Sounds like you’ve learned a lot over the years.
I’ve learned when enough is enough. Sometimes that means more or longer breaks, and sometimes that means I won’t fill to capacity. If you overbook you lose quality, and if you’re overwhelmed you can’t provide a high quality service. I try to scale back, and make it an enjoyable experience for the guests that are with us. It still is very busy, I think that we probably have one of the calmest and highest pressure kitchens out there.
Has the community been supportive?
Oh yes for sure. We still see new faces all the time, but we have a lot of repeat business. I’ve had couples that have been coming here for years. I know each person that comes through the door. I look after every individual that comes in and I remember them each time even if I don’t know them by name. It’s a very personal experience, and people really respond to that. We are almost a destination restaurant at this point, people often travel just to eat here. That is wonderful, and we appreciate it so much.
If it’s just the two of you, what happens if someone is sick?
Well it doesn’t actually happen that often, but of course in 11 years of business there have been times. We close the restaurant and I call every single person to let them know, and work very hard to book them in at a different time. One time, early on, we had no choice but to close and I couldn’t get a hold of one couple who were coming from Fredericton to eat with us, so I went to the restaurant and waited for them to arrive to let them know. It ended well, but ever since then I’ve been extremely committed to making sure I have a way to contact every person who makes a reservation.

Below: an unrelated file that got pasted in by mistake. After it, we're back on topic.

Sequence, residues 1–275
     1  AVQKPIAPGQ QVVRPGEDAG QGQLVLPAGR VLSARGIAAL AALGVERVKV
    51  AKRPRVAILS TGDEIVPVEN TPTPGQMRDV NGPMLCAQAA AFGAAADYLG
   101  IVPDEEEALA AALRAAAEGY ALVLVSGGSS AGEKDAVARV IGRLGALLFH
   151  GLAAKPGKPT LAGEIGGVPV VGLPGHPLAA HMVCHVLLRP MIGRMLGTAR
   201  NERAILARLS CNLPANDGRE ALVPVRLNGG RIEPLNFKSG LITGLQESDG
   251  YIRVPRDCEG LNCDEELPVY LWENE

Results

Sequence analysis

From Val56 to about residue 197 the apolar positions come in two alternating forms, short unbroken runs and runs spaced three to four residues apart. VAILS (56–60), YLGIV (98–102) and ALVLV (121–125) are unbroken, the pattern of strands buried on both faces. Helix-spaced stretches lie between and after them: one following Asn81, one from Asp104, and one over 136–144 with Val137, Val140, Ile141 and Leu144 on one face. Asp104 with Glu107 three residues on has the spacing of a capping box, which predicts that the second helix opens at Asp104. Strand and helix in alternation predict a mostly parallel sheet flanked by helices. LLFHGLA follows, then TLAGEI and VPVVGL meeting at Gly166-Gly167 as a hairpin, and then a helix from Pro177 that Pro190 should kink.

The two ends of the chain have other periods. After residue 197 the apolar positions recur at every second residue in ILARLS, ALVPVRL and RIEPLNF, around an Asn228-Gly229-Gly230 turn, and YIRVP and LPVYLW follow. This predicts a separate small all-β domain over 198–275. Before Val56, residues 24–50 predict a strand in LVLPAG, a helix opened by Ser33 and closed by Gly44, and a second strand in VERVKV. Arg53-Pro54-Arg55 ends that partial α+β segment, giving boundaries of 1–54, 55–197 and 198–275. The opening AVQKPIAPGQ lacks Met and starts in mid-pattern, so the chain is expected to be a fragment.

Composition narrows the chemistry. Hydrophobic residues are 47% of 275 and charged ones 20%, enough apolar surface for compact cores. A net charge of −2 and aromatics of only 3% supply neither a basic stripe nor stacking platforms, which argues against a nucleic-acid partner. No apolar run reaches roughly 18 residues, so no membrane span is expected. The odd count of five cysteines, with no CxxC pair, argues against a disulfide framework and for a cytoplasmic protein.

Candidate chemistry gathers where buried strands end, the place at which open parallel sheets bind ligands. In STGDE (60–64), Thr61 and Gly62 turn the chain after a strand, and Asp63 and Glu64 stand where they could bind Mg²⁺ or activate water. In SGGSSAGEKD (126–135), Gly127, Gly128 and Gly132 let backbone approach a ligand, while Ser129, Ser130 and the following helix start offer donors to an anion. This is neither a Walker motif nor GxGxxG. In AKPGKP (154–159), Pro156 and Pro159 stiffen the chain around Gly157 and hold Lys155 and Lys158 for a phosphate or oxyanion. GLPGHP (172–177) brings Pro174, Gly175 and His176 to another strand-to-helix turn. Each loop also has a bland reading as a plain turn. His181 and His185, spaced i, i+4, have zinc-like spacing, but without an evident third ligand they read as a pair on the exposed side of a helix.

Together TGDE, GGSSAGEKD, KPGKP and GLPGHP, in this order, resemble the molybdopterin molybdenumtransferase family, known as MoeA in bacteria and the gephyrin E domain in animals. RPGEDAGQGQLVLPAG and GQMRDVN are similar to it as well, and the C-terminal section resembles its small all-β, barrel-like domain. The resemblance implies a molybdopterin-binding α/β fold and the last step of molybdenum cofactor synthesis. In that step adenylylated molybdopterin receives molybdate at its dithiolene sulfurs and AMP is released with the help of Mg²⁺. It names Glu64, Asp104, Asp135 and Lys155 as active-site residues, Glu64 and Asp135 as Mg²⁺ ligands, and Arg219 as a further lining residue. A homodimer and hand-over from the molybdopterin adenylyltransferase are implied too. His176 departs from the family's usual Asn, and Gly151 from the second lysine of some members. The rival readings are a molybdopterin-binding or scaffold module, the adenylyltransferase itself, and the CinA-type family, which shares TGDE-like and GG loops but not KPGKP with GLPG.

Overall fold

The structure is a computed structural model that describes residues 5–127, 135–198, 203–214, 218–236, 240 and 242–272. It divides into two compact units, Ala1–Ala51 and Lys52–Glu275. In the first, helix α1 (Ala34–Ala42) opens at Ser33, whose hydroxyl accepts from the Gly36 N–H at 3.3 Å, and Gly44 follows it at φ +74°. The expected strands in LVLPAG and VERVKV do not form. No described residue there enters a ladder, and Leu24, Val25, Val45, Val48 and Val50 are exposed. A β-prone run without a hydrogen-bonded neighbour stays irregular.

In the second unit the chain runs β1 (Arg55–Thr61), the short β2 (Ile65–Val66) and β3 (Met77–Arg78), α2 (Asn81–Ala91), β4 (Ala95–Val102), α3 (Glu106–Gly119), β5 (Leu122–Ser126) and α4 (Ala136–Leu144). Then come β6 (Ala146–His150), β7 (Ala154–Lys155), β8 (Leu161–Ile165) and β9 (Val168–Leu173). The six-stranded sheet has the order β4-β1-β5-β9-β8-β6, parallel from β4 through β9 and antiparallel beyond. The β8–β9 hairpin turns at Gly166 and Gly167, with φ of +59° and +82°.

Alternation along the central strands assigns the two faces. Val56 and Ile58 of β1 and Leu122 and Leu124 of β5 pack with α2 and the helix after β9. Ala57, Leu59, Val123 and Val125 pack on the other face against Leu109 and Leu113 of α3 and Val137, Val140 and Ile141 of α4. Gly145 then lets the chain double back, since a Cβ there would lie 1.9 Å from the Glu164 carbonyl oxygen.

How do you balance work and personal life?
I have made a real conscious effort to find that balance between work, family and life. I have taken care to preserve myself to make sure I can take care of the business and myself. For six years we operated six days a week (only closed on Sunday), but I was finding that was too much. I made the decision to also close Mondays and that made a very big difference. As far as this business and this industry, finding the balance is so difficult but I am confident that I have really got a good handle on things now. Your family adjusts – they come to understand what your job is and what that means, and when not to expect you at home. Sunday has always been our family day, and we close for a week here and there to take vacations around the kids’ school schedules.
What piece of advice would you offer other women starting their own business?
Be true to your passion and know that you will struggle at the beginning. Sometimes it takes extra time to get your business to look the way you want it to. Don’t sacrifice your vision when confronted with someone who doesn’t understand it. Be open to feedback, but don’t compromise what it is that you want to do just because someone else doesn’t like it. Every business can’t cater to everyone, so you have to find what you believe in and what appeals to you. We can’t be everything to every customer. The customers that jive with your style will find you. They will find you.
How can we get in touch with you?
The Ms New Brunswick project is about taking a title back for all the women who really embody the heart and soul of our province through creative endeavours and entrepreneurship. The makers and doers who are sharing with us their time, energy and talents, and carrying us forward. Full-time or side hustle. Big or small. At home or in an office. Products or service. Crafters, moms, entrepreneurs, shop owners, consultants. Whatever. If there is a woman in our province giving life to an idea or product, I want to know about it.
If you or someone you know would be right for the Ms New Brunswick series please fill out the Nomination Form!